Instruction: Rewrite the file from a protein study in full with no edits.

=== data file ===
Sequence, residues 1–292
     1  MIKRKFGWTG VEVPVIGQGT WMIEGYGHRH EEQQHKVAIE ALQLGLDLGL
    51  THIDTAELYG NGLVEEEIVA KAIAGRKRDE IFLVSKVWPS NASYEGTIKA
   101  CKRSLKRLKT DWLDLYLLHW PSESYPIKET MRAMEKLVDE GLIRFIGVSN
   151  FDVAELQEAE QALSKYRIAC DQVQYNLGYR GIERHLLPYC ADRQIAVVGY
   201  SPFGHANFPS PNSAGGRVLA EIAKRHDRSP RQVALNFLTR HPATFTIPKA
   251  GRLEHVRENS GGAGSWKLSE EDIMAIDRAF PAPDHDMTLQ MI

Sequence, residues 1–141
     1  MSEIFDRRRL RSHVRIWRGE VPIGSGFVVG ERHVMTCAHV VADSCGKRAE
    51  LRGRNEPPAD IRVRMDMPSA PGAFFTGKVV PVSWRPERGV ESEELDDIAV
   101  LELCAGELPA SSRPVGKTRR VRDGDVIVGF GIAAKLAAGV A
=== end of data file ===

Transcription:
Sequence, residues 1–292
     1  MIKRKFGWTG VEVPVIGQGT WMIEGYGHRH EEQQHKVAIE ALQLGLDLGL
    51  THIDTAELYG NGLVEEEIVA KAIAGRKRDE IFLVSKVWPS NASYEGTIKA
   101  CKRSLKRLKT DWLDLYLLHW PSESYPIKET MRAMEKLVDE GLIRFIGVSN
   151  FDVAELQEAE QALSKYRIAC DQVQYNLGYR GIERHLLPYC ADRQIAVVGY
   201  SPFGHANFPS PNSAGGRVLA EIAKRHDRSP RQVALNFLTR HPATFTIPKA
   251  GRLEHVRENS GGAGSWKLSE EDIMAIDRAF PAPDHDMTLQ MI

Sequence, residues 1–141
     1  MSEIFDRRRL RSHVRIWRGE VPIGSGFVVG ERHVMTCAHV VADSCGKRAE
    51  LRGRNEPPAD IRVRMDMPSA PGAFFTGKVV PVSWRPERGV ESEELDDIAV
   101  LELCAGELPA SSRPVGKTRR VRDGDVIVGF GIAAKLAAGV A